The Nuclear Age Peace Foundation mourns the death of Nagasaki Mayor Iccho Itoh, whose life was cut short by an assassin’s bullet. With this tragedy, the world has lost a great peace leader. As the three-term mayor of the last city to suffer atomic devastation, he became a leading spokesperson for a world free of nuclear weapons.

Mayor Itoh was the vice president of Mayors for Peace and a leader of their global campaign to eliminate nuclear weapons by the year 2020. The Foundation honored Mayors for Peace and the leadership of Mayor Itoh and Hiroshima Mayor Tadatoshi Akiba with our 2004 World Citizenship Award.

Mayor Itoh played a significant role in the three Nagasaki Global Citizens’ Assemblies held while he was mayor. The most recent of these took place in fall 2006. In his Opening Address to this Assembly, he underscored his deep commitment, and that of the people of his city, that Nagasaki “must be the last place where an atomic bomb is dropped….” He made this a major goal of his life.

Along with many of my colleagues working for the abolition of nuclear weapons, I had the pleasure and honor of knowing Mayor Itoh. He was a man with an easy smile and open manner, but one with a firm dedication to building a lasting peace. In Nagasaki, he was a gracious host to so many of us who participated in the Nagasaki Citizens’ Assemblies.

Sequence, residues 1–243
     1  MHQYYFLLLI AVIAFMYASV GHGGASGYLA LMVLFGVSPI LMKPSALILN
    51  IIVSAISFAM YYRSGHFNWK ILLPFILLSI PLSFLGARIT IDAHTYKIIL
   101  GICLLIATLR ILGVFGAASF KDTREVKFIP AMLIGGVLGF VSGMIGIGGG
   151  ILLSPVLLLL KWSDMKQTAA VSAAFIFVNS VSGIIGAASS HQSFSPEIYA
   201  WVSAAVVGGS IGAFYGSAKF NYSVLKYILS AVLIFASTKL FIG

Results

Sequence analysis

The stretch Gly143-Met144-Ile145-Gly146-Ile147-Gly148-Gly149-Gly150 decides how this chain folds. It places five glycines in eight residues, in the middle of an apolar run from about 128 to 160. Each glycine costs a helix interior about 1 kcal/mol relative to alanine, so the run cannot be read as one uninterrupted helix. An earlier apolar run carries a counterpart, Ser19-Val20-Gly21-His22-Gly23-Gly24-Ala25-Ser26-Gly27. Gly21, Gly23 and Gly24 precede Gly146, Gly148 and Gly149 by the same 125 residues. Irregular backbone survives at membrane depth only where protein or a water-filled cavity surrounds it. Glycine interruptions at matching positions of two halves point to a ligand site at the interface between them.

In tribute to Mayor Itoh, we have included a link below to a reprint of the Nagasaki Peace Declaration, which he delivered on August 9, 2006. I urge you to read it as the final testament and call to action by a great man. Let its words sink into your heart, particularly these words: “The time has come for those nations that rely on the force of nuclear armaments to respectfully heed the voices of peace-loving people, not least the atomic bomb survivors, to strive in good faith for nuclear disarmament and non-proliferation, and to advance towards the complete abolishment of all such weapons.” To achieve this goal will require an active citizenry. Citizens of the nuclear weapons states, and particularly the United States, will have to lead their political leaders.

In closing his speech, he prayed for the undisturbed repose of those who lost their lives in the atomic bombings and proclaimed Nagasaki’s commitment “to continue to strive for the establishment of lasting world peace.” In honoring Mayor Itoh’s life and commitment to a world free of nuclear weapons, let us add our own commitment to this cause so critical to humanity’s future.

David Krieger is President of the Nuclear Age Peace Foundation (, and a leader in the global effort to abolish nuclear weapons.